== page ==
The Complaint could be read to assert only a claim of excessive force against Plaintiff's property arising out of the officers' use of force to open the bathroom door. ( See Compl., ¶ 53.) Without deciding whether such property damage can form the basis of a constitutional claim, the Court will assume Plaintiff's excessive force claim arises from the alleged harm to him caused by Defendants' actions. In fact, the Complaint lacks any allegation that Plaintiff's bathroom door suffered any damage from the officers' actions.
In response, Defendants filed their Motion to Dismiss under Rule 12(b)(6) of the Federal Rules of Civil Procedure based, inter alia, on the affirmative defense of qualified immunity. Qualified immunity protects government officials, including police officers, performing discretionary duties from civil liability unless their conduct "violate[s] clearly established statutory or constitutional rights of which a reasonable person would have known." Henry v. Purnell, 501 F.3d 374, 377 (4th Cir. 2007). The defense provides " immunity from suit rather than a mere defense to liability," Mitchell v. Forsyth, 472 U.S. 511, 526 (1985), and, contrary to Plaintiff's assertions, the Defendants may properly raise the defense of qualified immunity in their Motion to Dismiss. Jenkins v. Medford, 119 F.3d 1156, 1159 (4th Cir. 1997) ("Qualified immunity may be raised in a motion to dismiss."). Accordingly, the Court will deny Plaintiff's Motion to Strike and address Defendants' Motion to Dismiss on the merits.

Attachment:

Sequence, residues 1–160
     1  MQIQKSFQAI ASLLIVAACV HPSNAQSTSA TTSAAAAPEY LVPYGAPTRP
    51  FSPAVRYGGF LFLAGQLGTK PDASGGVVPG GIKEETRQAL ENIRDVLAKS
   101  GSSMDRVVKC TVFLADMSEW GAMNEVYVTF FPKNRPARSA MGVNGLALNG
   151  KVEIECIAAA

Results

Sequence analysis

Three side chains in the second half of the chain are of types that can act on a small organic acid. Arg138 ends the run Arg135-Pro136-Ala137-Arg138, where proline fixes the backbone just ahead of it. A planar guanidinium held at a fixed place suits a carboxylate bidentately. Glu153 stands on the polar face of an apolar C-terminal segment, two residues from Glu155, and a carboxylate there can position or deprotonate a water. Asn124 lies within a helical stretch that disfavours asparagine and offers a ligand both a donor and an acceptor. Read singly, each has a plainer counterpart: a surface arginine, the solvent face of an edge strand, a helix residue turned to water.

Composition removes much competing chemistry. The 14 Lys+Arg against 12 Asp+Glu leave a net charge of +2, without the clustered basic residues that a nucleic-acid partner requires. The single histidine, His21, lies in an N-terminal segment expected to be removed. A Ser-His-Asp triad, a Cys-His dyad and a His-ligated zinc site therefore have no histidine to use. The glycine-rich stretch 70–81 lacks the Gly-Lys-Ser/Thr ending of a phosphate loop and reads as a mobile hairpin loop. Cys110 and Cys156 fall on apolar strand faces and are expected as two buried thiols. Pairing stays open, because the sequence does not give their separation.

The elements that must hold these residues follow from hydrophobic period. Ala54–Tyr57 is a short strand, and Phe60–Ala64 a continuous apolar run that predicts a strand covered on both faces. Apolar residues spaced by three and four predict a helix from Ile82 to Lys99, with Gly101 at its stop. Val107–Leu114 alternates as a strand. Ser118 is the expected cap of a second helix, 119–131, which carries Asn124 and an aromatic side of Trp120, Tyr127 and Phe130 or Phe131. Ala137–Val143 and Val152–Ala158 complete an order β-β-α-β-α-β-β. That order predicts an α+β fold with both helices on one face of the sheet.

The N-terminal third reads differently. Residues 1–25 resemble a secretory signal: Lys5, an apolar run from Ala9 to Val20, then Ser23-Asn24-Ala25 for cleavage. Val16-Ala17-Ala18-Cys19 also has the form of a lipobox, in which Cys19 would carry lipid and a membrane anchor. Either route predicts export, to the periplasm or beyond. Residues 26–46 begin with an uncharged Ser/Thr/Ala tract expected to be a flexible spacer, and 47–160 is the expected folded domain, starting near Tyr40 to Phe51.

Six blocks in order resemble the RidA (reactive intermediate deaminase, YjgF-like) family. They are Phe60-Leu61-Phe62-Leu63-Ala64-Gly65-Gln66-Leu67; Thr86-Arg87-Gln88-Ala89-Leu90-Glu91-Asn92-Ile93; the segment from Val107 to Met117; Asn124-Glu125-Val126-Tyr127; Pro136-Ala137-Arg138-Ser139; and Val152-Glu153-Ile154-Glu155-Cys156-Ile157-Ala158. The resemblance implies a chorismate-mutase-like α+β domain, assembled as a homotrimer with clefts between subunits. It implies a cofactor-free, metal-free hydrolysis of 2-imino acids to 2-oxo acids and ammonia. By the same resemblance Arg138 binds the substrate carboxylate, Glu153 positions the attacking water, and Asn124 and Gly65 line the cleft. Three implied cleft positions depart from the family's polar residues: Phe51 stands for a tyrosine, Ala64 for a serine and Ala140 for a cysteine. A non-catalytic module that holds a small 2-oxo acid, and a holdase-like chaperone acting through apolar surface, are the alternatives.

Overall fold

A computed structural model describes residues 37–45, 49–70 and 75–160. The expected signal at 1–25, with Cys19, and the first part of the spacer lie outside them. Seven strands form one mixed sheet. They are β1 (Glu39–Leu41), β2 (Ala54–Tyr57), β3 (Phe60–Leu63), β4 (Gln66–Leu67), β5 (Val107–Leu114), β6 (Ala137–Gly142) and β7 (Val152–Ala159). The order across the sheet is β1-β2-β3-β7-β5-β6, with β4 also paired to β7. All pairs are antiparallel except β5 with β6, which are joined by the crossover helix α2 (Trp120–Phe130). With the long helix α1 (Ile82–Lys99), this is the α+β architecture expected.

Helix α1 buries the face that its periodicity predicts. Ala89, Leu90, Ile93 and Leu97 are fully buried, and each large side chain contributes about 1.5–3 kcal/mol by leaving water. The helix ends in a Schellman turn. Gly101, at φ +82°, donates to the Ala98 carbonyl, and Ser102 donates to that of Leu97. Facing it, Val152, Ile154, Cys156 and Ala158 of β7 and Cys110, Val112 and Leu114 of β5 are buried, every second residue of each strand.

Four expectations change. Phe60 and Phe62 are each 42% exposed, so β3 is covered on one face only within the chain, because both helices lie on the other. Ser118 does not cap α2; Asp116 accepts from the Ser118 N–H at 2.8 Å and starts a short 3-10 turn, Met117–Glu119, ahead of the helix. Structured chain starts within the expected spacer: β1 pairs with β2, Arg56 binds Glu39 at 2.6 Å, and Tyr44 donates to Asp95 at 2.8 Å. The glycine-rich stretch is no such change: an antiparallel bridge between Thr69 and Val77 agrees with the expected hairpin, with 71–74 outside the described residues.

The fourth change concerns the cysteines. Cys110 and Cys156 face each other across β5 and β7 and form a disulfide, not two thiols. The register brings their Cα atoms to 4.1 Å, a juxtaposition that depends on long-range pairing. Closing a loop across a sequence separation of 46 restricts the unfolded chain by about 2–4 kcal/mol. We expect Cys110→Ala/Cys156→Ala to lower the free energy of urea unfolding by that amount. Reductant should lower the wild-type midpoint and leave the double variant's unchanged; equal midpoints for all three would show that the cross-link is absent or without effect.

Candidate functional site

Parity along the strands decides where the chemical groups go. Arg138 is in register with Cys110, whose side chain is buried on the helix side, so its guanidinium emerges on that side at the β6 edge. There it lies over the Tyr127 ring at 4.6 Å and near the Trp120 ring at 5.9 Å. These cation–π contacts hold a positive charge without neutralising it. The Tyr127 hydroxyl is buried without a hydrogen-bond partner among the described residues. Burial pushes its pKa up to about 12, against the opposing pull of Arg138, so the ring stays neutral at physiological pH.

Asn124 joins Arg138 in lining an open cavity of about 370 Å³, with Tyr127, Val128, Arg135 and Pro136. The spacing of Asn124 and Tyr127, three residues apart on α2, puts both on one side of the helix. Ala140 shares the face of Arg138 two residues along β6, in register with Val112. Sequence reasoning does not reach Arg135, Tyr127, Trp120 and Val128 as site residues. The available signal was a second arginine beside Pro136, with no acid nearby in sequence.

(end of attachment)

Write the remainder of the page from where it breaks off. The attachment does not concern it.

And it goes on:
"[P]olice officers performing a discretionary function enjoy an immunity that shields them from liability for civil damages unless the officer's conduct violates a federal statutory or constitutional right, and the right was clearly established at the time of the conduct, such that an objectively reasonable officer would have understood that the conduct violated this right." Milstead v. Kibler, 243 F.3d 157, 161 (4th Cir. 2001) (clause numbering removed). A defendant raising the affirmative defense of qualified immunity must first establish that he was acting within the scope of his official duties. In re Allen, 106 F.3d 582, 593-94 (4th Cir. 1997). There is no dispute that Defendants Smolka and Tanner were acting within the scope of their duties as Henrico County police officers during their interaction with Plaintiff. The Court's first inquiry, therefore, is whether, viewing the facts in the light most favorable to Plaintiff, a constitutional violation has occurred. Saucier v. Katz, 533 U.S. 194, 201 (2001). Only if a constitutional violation has been established does the Court proceed to determine whether qualified immunity protects the Defendants from liability. Young v. City of Mount Ranier, 238 F.3d 567, 575 (4th Cir. 2001).
In Count 5 of his Complaint, Plaintiff alleges that the Defendants violated his Fourth, Fifth, and Fourteenth Amendment rights. The Fifth Amendment in this context protects an individual from being compelled to become a witness against himself. To be applicable, Plaintiff must allege that the Defendants' conduct forced him to make incriminating statements to the officers, which were used in a criminal proceeding against him. Riley v. Dorton, 115 F.3d 1159, 1164 (4th Cir. 1997) (en banc). In his Complaint, Plaintiff fails to allege that he made any incriminating statements to Defendants Smolka or Tanner whatsoever, much less that any statement was used against him in a criminal proceeding. Accordingly, Plaintiff fails to state a claim for which relief may be granted under the Fifth Amendment. Id. at 1166.